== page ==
A couple of weeks ago, our PhD group, led by Professor Mary Modeen was treated to a presentation by the New York-based artist Margaret Cogswell talking about her life-long body of work, River Fugues. 

 I was curious as to what a River Fugue might be, only knowing about J S Bach’s Preludes and Fugues from my musical past and knowing from A’ level music that a fugue is a musical piece featuring two or more contrapuntal strands, based on a musical theme, played simultaneously and yet creating a harmonious whole.  As a pianist I remember all too clearly how difficult it was to play and maintain these different musical voices in a meaningful way.

Cogswell uses the musical structure of the fugue to reflect the different components of her work and uses the flexible conceptual framework as a means of presenting a number of video tracks as musical scores, as if they were different musical instruments.  Her work, in addition to the video work, also includes drawings and various multi-media installations.  Glenn Gould’s documentary film and narrative fugue The Idea of the North and Anne Carson’s The Anthropology of Water are key inspirations in her work with both artists stretching the boundaries between music and language.

The River Fugues series (Cogswell 2003 onwards) began with Cuyahoga Fugues (2003) (https://margaretcogswell.net/cuyahoga-fugues) when Cogswell explored the river and steel mills in Cleveland, Ohio incorporating generations of stories and the hopes and dreams generated by the Cuyahoga River.  The resulting work involves the bringing together of people’s voices, sounds of settlements and of the steel mills along the river and was exhibited alongside video stills in a small-scale industrial site.

Hudson Weather Fugues followed in 2005, with Hudson River Fugues in 2009-10 (https://margaretcogswell.net/hudson-river-fugues).  Hudson Weather Fugues was held at the Glyndor Gallery, at Wave Hill, Bronx, New York and in an installation taking best advantage of the architecture of the building, Cogswell used the windows overlooking the Hudson River to display video projections over two panes of glass, with custom-made shutters housing speakers that provided narratives to the video work.  Benches provided within each window space lured the viewer to linger and look out of the window onto the river and eavesdrop on today’s stories and gain a glimpse of current weather conditions.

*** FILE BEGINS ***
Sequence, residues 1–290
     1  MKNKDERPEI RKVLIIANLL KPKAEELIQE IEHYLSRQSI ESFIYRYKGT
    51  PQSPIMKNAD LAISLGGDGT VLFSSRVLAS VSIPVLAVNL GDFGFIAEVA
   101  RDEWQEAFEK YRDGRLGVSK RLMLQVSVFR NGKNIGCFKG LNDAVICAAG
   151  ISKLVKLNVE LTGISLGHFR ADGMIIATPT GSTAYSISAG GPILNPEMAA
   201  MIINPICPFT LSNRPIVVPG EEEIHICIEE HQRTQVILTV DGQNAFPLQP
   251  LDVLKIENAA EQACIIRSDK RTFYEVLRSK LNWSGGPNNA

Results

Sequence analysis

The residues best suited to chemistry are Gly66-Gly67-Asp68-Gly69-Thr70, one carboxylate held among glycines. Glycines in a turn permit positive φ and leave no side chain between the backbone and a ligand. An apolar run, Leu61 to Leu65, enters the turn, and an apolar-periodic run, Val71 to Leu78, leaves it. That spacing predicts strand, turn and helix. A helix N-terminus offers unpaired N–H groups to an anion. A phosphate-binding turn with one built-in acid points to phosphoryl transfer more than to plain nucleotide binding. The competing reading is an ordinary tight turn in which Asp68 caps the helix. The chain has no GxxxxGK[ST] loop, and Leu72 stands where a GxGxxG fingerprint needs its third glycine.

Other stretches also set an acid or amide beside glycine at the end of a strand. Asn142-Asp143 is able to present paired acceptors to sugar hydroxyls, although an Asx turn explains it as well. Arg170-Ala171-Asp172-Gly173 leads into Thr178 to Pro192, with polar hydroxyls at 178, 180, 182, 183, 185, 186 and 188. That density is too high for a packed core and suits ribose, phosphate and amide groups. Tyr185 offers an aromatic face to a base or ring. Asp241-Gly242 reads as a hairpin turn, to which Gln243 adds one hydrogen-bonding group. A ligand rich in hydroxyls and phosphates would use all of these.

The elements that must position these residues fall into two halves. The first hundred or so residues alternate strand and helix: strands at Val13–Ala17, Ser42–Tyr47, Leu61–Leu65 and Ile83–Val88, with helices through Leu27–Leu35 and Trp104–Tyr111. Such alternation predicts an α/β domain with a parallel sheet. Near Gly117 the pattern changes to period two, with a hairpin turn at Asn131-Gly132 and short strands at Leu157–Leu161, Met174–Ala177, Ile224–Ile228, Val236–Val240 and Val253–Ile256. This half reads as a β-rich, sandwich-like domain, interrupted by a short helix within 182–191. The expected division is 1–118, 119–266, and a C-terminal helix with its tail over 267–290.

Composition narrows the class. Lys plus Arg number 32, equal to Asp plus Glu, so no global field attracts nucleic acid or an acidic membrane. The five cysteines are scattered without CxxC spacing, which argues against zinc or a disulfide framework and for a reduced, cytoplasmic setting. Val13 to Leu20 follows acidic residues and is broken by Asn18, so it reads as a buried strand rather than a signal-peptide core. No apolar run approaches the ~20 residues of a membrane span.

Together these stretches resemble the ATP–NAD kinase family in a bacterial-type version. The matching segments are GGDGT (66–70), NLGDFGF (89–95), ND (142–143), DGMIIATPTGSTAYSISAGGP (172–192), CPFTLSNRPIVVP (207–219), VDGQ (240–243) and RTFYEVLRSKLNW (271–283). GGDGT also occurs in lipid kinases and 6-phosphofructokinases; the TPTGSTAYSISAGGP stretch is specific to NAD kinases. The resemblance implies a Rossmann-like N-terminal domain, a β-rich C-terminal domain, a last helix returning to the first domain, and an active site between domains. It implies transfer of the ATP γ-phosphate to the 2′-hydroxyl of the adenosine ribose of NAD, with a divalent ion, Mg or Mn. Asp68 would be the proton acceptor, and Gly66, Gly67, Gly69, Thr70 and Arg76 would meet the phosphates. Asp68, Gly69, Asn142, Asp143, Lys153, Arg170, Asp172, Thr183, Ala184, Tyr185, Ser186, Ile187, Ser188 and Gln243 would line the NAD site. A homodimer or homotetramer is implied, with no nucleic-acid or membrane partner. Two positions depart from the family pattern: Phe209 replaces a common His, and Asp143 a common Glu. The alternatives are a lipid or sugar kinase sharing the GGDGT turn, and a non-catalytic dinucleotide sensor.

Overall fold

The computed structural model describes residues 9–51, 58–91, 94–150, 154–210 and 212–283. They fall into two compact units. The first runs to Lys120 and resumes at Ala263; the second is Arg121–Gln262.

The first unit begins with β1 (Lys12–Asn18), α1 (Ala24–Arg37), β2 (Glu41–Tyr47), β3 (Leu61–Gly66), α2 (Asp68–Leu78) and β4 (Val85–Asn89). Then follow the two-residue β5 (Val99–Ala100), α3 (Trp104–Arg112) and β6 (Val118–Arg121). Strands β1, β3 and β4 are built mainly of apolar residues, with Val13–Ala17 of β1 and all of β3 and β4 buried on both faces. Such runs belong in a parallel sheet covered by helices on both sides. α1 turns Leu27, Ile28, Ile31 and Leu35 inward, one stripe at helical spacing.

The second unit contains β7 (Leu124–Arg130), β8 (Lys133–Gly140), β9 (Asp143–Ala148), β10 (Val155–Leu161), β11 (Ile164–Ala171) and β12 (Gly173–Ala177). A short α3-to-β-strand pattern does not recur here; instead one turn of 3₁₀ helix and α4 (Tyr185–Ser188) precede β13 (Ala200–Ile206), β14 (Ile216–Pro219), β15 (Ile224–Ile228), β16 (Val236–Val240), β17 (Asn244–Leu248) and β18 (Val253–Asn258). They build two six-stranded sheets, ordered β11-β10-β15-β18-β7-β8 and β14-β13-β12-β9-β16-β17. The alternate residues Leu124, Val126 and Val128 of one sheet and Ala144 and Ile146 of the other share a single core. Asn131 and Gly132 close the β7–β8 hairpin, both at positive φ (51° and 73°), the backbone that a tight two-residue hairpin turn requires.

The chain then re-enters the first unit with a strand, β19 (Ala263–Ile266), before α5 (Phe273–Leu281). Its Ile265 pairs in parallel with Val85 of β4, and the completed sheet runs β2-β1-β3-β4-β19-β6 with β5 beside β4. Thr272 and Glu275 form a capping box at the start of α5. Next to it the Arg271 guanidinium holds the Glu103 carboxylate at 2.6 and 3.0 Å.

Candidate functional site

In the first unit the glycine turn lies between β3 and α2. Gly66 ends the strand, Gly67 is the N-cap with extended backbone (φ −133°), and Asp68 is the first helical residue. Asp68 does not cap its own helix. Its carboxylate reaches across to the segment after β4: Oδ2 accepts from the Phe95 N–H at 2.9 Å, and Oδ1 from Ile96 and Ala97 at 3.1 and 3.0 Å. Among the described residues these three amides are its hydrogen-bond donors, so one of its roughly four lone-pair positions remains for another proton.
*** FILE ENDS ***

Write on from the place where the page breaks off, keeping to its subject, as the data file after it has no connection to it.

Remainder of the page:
I was particularly struck by the Zhujiajiao River Poems (2014) (https://margaretcogswell.net/zhujiajiao-river-poems) and the beautiful depiction of the river and the many daily rituals played out on the river – such as the rowing of boats and the harvesting of snails with long bamboo poles.  Cogswell was striving to capture the essence of the place through the eyes of a newcomer, through frequent observation from her studio overlooking the river and long walks along its banks.  The resulting drawings and videos are beautifully presented with one using an oval frame to focus in on the essence of the image.

And finally, from the selection of fugues that Cogswell presented to us, Moving the Waters: Croton Fugues (2017) (https://margaretcogswell.net/croton-fugues).  Cogswell’s in-depth research continues in relation to the first reservoir in New York City, originally on the site of the current New York City Public Library and across the street from the Mid-Manhattan Library where Cogswell exhibited her work.    Her exhibition coincided with the 2017 centennial celebration of New York’s aqueduct system.  Through her installation, Cogswell hoped to draw in her viewers through the use of photographs and video stills, layered with archival images on large panels hanging in windows.  This presentation was inspired by India’s Deccan Court paintings of the 16th and 17th century by breaking down the panels into sections of narrative, abstraction and repetitive patterns.  Again, like Zhujiajiao River Poems, she uses oval and circular images.


I was fascinated by Margaret Cogswell’s original inspiration, her conception of the River Fugues project, her description of what she does, the meticulous research she undertakes and the depth of consideration in terms of the installation and how best to use the space she has.  It is a thought-provoking example of a long-term project that is in fact a life’s work.  It is also interesting to see how different approaches to the same theme evolve over time and how different rivers and communities evoke a different response in the artist and an entirely novel piece of work.  She seeks to find the essence in the rivers, their history, their communities and people and to find a sympathetic and informed way of presenting her images, videos and drawings.



Cogswell, M. (2003 onwards). “River Fugues.” Retrieved 14/2/21, from https://margaretcogswell.net/river-fugues.


Alison Price

Alison Price

My name is Alison Price and for the past ten years I have travelled the world photographing wildlife, including Alaska, Antarctica, Borneo, Botswana, the Canadian Arctic, Kenya, Rwanda, South Africa, Zambia and Zimbabwe.
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